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  • Layne Dalfen

From Trauma to Tranquility

Your dream's setting might help you find peace.

From Trauma to Tranquility

  • Look at all the aspects of a dream, as the solution to the problem often sits in plain sight.

  • The location where a dream occurs may point you to the solution to your current issue.

  • How you feel in a dream can be the quickest way to connect to the subject of a therapeutic discussion.

Hanna dreamed she was searching frantically for her friend in a retreat center. While her panic and anxiety evoked a waking-life situation in which she felt overwhelmed and resentful, the dream’s location offered her the first step in making her situation more livable.

The Dream

In my dream, my friend Mary and I were at a retreat center. I couldn’t find her and began to look for her, going through hallways, into rooms, and into a dining area. I became frantic because I had no idea where she was. Later, I was sitting and talking with (actor) Liam Neeson. I saw my mother at another table, and I was relieved to see Mary sitting in a wooden chair by the door to the outdoors.

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The Discussion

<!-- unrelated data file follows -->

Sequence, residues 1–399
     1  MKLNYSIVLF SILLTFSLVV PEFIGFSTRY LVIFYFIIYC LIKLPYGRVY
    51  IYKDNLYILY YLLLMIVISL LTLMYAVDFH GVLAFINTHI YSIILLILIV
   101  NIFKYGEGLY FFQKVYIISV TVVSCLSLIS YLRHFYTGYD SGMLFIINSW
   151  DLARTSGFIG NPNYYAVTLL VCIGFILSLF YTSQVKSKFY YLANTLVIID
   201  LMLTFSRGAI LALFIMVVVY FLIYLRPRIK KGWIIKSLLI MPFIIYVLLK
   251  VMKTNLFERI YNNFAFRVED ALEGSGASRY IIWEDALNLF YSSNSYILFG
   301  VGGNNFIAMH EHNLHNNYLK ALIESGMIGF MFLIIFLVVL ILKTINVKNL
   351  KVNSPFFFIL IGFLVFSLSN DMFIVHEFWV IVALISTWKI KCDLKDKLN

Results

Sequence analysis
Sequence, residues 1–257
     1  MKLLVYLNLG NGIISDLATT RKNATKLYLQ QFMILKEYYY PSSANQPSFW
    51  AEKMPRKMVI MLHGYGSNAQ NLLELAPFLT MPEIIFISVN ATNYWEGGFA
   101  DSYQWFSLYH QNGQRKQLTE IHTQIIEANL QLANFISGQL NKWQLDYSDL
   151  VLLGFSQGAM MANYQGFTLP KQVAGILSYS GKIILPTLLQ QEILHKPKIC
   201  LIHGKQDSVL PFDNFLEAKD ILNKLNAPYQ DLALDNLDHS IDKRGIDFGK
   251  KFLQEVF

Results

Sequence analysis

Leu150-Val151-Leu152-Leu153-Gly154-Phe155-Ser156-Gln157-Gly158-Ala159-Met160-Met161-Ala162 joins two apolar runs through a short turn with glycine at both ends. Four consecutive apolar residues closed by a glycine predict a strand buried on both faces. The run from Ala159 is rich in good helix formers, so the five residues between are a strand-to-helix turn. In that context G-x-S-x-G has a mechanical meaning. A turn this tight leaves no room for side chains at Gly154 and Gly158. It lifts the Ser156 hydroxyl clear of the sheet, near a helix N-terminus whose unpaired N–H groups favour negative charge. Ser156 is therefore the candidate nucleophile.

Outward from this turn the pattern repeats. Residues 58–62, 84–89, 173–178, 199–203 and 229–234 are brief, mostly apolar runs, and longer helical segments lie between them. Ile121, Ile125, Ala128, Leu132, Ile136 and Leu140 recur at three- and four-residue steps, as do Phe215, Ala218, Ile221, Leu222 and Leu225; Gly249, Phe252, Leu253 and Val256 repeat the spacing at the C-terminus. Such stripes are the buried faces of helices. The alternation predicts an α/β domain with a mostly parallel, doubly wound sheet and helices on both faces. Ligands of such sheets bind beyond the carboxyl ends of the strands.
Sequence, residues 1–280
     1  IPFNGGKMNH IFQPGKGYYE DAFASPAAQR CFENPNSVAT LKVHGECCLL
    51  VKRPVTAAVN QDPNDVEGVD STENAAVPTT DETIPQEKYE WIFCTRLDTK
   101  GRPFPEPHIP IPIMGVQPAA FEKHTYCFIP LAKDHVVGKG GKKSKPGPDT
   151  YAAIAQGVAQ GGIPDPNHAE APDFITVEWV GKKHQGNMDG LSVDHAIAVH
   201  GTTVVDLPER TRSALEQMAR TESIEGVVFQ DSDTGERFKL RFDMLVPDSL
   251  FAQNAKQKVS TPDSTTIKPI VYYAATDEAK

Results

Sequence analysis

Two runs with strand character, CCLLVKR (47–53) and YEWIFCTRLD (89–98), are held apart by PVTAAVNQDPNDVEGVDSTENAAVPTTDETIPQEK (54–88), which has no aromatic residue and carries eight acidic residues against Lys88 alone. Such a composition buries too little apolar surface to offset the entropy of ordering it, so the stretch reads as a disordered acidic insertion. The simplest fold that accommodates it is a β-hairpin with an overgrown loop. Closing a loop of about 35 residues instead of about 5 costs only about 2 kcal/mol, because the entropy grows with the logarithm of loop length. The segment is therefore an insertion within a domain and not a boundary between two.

I began by asking Hannah, “How did you feel in the dream? Was your panic immediate?

Hannah answered, “No, I didn’t feel frantic at first. I was frantic and upset while searching for her, and this was the feeling I woke with, even though I found her before I woke up.”

Needing more detail, I inquired, "Can you describe a retreat center for me?"

Hannah offered, "A retreat center is a place where people go to get away from their daily lives and stresses, to experience fun or learn something. Often, the retreat center is located in a country setting with a calming sense of nature all around.”

Wondering about Hannah's associations with Neeson, I asked, "What comes to your mind about him? Do you like him?"

She responded, "Liam Neeson may be a symbol of a traumatizing time in my life because I know he lost his wife in a tragic accident."

I then asked, "What kind of person is Mary?"

Hannah replied, "My friend Mary has been a victim of bad luck in life and overprotective parenting that stunted her growth and potential. Despite this, she is very compassionate, intelligent, and kind. She lived as she chose to rather than living up to her actual potential or parental expectations. Mary has suffered silently but always remained in good cheer and has been a very supportive friend."

Hoping to help Hannah connect the dots, I asked, "Can you connect Liam to a traumatizing time in your life or a recent trauma? Since your dream story is about Mary and you describe her as a victim, do you also feel victimized recently?”

Hannah made some connections.

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"You are spot on, Layne. When I described Mary as a victim, I felt like I had just given you a description of myself.